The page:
Dining with Bahrainis at a Jerusalem Mall

This first day of Hanukkah was different from all other first days.

Dr. Manfred Gerstenfeld ,

Manfred Gerstenfeld
Manfred Gerstenfeld
Manfred Gerstenfeld


It was a surreal experience on the first night of Hanukkah. I was invited to a dinner with interfaith visitors from the kingdom of Bahrain. The delegation from this Gulf state was hosted by the Simon Wiesenthal Center (SWC). Like many other Arab countries, Bahrain has no diplomatic relations with Israel and until recently it had boycotted Israel 

On the way to the restaurant at the Jerusalem Mamilla Mall the Bahraini delegation passed the mall’s Chabad’s candle lighting festival. So many people attend these festivities that the visitors were almost prevented from passing through. I was told that several delegates danced together with the Chabad representatives and bystanders. 

The Bahraini delegation included Sunni and Shiite Muslims, Hindus, Sikhs, Buddhists and Christians. A Syrian Orthodox priest told me that the originators of his church were Jews. The gathering started with Rabbi Abraham Cooper, the Associate Dean of the Simon Wiesenthal Center in Los Angeles lighting the first candle of Hanukkah. He then passed the shamash, the lighting candle, to several Bahrainis who each touched the burning candle with it to participate in the lighting.


According to a secret US cable published by Wikileaks, the King had mentioned to an American official that Bahrain had contacts with Israeli intelligence. 
This unofficial delegation visited religious and other sites in Israel. It was only able to come because the authorities of the Arab Kingdom did not oppose the visit. The King of Bahrain, Hamad bin Isa al Khalifa, had invited Rabbi Marvin Hier who heads the SWC and Rabbi Cooper in February this year to visit him at the island’s capital, Manama. That meeting was not kept secret and even reported on local TV. 

Prince Nasser bin Hamad al Khalifa, son of the Bahraini king came with a large delegation to the headquarters of the SWC in Los Angeles in September 2017. They also visited the SWC’s Museum of Tolerance and participated in a dinner attended by hundreds of interfaith leaders. When the Israeli national hymn Hatikvah was played, the prince and the delegation stood.

During that visit a declaration by the Bahraini king about religious freedom was released. It said: "Every individual has the freedom to practice their religion, providing they do no harm to others, respect the laws of the land, and accept responsibility, spiritually and materially, for their choices." 

Rabbi Hier said that the King of Bahrain now opposes the Arab states' boycott of Israel. The king also intends to allow citizens from his kingdom to visit Israel freely. There are still some Jews living in Manama, where there is a synagogue. According to a secret US cable published by Wikileaks, the King had mentioned to an American official that Bahrain had contacts with Israeli intelligence.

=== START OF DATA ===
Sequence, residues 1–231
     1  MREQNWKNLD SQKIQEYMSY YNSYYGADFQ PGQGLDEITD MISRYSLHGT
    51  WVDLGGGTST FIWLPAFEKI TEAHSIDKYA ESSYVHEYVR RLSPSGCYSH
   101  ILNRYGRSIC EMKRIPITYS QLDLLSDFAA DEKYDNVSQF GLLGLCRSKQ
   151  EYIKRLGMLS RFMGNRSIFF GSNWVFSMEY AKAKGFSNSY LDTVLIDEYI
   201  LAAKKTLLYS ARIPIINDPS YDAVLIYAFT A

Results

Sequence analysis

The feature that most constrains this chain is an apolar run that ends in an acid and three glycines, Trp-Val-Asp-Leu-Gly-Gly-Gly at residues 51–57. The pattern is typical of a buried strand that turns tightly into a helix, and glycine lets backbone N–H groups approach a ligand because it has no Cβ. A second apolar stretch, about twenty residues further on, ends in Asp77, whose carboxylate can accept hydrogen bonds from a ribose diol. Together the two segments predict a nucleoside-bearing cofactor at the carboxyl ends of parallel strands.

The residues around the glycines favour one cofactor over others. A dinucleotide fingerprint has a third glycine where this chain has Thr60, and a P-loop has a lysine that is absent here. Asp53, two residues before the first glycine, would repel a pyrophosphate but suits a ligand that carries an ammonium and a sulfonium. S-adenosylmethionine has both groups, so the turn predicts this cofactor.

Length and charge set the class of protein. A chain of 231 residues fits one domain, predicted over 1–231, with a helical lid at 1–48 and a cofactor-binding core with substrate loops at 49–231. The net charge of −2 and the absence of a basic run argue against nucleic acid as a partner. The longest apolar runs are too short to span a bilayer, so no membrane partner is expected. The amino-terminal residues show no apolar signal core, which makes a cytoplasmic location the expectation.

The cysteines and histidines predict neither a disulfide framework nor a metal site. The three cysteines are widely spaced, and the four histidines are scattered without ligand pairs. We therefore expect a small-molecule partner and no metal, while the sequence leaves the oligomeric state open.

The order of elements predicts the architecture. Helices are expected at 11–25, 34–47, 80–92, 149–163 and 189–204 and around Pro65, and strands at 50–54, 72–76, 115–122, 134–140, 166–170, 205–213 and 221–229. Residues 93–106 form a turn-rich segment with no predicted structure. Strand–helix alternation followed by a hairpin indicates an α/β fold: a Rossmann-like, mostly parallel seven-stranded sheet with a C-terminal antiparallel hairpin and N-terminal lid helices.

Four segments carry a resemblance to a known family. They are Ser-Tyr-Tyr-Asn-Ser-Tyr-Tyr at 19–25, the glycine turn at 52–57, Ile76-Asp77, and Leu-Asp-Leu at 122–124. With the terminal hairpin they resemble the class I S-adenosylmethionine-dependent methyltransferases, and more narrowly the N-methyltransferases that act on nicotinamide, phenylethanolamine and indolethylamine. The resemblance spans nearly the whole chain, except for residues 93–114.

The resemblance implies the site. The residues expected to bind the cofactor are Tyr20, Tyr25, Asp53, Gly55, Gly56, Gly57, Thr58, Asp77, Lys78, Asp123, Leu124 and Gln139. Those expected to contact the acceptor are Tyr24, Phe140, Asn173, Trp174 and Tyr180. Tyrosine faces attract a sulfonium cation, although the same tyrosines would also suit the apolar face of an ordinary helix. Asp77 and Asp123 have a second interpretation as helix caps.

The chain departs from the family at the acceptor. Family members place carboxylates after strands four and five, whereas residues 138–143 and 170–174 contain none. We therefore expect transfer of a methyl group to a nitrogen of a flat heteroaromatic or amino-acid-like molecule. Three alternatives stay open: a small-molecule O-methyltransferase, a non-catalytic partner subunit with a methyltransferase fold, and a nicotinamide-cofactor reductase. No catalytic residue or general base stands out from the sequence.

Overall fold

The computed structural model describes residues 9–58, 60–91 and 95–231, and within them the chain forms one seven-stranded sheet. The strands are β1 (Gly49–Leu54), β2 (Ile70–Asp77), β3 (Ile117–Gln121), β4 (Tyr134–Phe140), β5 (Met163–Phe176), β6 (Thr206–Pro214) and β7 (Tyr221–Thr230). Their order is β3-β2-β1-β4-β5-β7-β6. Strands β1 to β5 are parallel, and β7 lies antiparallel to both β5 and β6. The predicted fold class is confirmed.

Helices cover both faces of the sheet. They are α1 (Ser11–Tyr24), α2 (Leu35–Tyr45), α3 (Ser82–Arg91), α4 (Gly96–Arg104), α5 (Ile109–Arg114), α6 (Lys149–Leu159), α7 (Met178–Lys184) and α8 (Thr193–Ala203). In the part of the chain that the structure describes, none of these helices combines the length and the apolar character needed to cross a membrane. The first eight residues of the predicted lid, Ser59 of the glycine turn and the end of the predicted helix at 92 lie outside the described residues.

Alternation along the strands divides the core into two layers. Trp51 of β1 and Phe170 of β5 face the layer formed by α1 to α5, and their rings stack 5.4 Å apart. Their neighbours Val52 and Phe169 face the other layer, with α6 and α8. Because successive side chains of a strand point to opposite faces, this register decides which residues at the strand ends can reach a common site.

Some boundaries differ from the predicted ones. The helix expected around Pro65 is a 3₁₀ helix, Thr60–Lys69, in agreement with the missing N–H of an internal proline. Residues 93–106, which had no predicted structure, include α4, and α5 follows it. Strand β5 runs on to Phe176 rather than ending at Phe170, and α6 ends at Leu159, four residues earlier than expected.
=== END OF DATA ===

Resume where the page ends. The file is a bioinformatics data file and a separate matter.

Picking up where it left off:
Al Jazeera published information about Palestinian and Bahraini opposition to the visit to Israel. It also mentioned that the Bahraini delegation had been refused entry into Gaza. 

During the dinner I sat next to a Buddhist monk from Thailand who lives in Bahrain. He had been a monk for 17 years. He is the head of the local community of Thai Buddhists -- which has some members from Sri Lanka -- and has 2.000 followers. He didn't partake in the dinner because he never eats after lunchtime.

A Hindu gentleman opposite me also didn't eat. He told me that he fasts for more than 24 hours, every 15 days. He is the sales and marketing manager of a Bahraini trading company. He explained that he starts every day with 2 hours of prayer. In Israel he visited a temple close to Ariel where there is a small Hindu community.

Next to him sat the priest of his temple in Bahrain. He said that he doesn’t fast and called the fasting man a “devotee.” In Israeli terminology this probably translates as ‘ultra-orthodox.” The priest also mentioned that out of the 350,000 Indians of various religions living in Bahrain, about 100,000 are Hindus. There are about 7 or 8 Hindu temples in the country. On a festive day his temple could be visited during the day by up to 15,000 people. The man sitting next to him, a business man, was the chairman of the temple. 

On my other side sat an American-born universalist living in a village in Mid Java, Indonesia. He said that he considers himself a Muslim, Hindu, Buddhist and Christian. He added that it was difficult to also be a Jew. We agreed that unless one was born into this faith, a lot of education was required to become a Jew. 

Next to him sat the leader of the Bahraini delegation, Betsy Mathieson. She heads an organization, "Sharing the Humble Bahraini Way of Life." 

It wasn't exactly like in the time of the Maccabees, but I considered this dinner a small miracle taking place on the first day of Hanukkah.








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